God never said that this walk we are on would be all rainbows and butterflies. God has shown us time and time again through his word and with the many people in it that just because we claim to know him doesn’t mean life will give us what we want. People that don’t understand why it is that we follow Jesus will start to ask questions. These questions will start when they see that we are going through similar struggle like they are, but our attitudes are different because we find our hope in Jesus. Through suffering Paul shows the importance of the gospel and that means that we are able to do the same.

  15. How does this level of suffering for Jesus function as a “missionary strategy”?
    Although I am sure Paul did not want to go through all of the pain and suffering that he did, it may have worked to his advantage in spreading the gospel. The fact that he was willing to go through everything he went through, and he still went city to city preaching the gospel must have been so impactful for the people he ministered to. Paul’s suffering and perseverance shows that he truly believed what he was preaching, and he believed it so much that he wanted the rest of the world to believe it as well – if he didn’t, why would he have gone through that much pain? Because of the world that those Paul ministered to were living in, a world full many different gods and idols that people didn’t really have a true allegiance to, they may have noticed that there was something different about this absolute faith that Paul had, which may have given them some sort of desire for the same faith.
    How might Paul’s suffering for Jesus be a model for Christian’s today?
    Paul went through a great deal of suffering for the gospel, and we also should be prepared to go through suffering in order to spread the gospel. However, in today’s world there are very few people who find themselves in situations where they must face this kind of suffering. Instead, we often find ourselves facing different trials that may hinder us from spreading the gospel; such as financial problems, health issues, and even the internal problems that we face day-to-day. While we may not be going through the same suffering that Paul went through, we can look to his example to find encouragement as we work to spread the gospel.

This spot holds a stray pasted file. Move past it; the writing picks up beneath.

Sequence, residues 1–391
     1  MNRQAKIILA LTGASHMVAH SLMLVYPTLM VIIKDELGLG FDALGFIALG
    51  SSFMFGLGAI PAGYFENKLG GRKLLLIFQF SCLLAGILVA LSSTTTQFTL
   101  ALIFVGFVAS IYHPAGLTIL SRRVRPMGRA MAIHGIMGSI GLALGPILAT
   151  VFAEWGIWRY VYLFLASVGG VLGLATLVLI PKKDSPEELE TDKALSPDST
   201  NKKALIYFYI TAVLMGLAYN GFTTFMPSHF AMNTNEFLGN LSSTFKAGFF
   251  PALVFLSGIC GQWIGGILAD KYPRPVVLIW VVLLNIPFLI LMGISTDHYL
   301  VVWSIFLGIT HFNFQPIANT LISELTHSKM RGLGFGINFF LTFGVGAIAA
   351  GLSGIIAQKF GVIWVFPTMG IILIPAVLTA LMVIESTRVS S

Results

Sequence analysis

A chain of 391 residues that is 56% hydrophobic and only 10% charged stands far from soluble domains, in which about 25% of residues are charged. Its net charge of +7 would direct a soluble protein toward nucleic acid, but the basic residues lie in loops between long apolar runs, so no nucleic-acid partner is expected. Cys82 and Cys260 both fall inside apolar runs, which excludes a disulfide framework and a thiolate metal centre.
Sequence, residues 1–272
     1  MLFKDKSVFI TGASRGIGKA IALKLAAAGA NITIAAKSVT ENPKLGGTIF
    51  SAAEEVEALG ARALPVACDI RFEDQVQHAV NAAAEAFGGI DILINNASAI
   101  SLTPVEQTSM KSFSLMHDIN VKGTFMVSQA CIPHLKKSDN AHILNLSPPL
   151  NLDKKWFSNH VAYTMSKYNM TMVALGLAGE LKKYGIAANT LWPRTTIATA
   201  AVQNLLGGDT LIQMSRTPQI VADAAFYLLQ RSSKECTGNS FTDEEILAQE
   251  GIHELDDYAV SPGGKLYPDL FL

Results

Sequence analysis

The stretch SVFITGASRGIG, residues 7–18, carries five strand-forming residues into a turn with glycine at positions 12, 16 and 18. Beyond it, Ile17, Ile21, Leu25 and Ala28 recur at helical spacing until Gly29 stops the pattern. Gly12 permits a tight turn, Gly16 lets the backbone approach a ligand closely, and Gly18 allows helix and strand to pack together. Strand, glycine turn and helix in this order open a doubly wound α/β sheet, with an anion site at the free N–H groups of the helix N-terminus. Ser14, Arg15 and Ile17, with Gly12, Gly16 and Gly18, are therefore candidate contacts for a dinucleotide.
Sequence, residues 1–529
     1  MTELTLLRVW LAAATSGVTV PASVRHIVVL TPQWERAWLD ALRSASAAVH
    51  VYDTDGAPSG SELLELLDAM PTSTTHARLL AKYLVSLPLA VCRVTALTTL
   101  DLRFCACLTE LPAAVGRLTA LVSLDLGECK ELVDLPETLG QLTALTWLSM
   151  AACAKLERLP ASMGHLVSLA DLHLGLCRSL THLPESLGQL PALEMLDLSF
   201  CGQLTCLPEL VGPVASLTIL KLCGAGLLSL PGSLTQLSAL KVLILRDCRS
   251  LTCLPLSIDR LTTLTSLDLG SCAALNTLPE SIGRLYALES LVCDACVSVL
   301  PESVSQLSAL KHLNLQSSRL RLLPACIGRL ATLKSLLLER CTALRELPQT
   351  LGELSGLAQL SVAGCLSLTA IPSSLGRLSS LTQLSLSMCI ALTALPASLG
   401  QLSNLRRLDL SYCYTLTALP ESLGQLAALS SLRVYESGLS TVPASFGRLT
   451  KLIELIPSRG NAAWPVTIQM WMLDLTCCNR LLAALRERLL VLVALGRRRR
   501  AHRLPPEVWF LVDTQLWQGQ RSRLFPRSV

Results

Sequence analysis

• Good posting Natalie. I agree that it the Lord may not have evey one of his saints go through the tremendous type of trials that the Apostle Paul did. Nevertheless, we can be encouraged and strengthened by his example for the types of trials that are more common to us today, such as family strife, health conditions, etc. Paul faced his trials with courage, determination, and most importantly, an unwavering and dedicated walk with the the Lord. “Not only so, but we also glory in our sufferings, because we know that suffering produces perseverance, perseverance, character, and character, hope. And hope does not put us to shame, because God’s love has been poured out into our hearts through the Holy Spirit, who has been given us” (Romans 5:3-5).

  16. Paul boasting about his suffering concerned me at first. I would love to hear that Paul was a humble servant of God, glorifying Jesus in everything he does. After reading through the whole blog post, I see that this boasting from Paul was a way for him to encourage others and show the level of commitment it takes to follow Jesus.
    My initial thought was that I wish Paul was a humble man who directed everything he suffered through to God. This made me think that if this was early in Paul’s ministry, the mid-50s, I could see how Paul would still have pharisee tendencies, although I don’t know what Paul’s personality would be. Now I see how Paul was using his suffering as an encouragement.
    Paul’s suffering was an example of how much he loved Jesus and how he was devoted to serving Jesus. There was such an urgency for Jesus, that it was all worth suffering for the kingdom. What Paul did sounds outrageous to Christians today. To be beaten for something you believe in. It is rare for Christians to be persecuted like Paul was. As Christians, we don’t sacrifice enough for what we believe in. We might not have the chances that Paul had, but we can do what it takes to spread the gospel.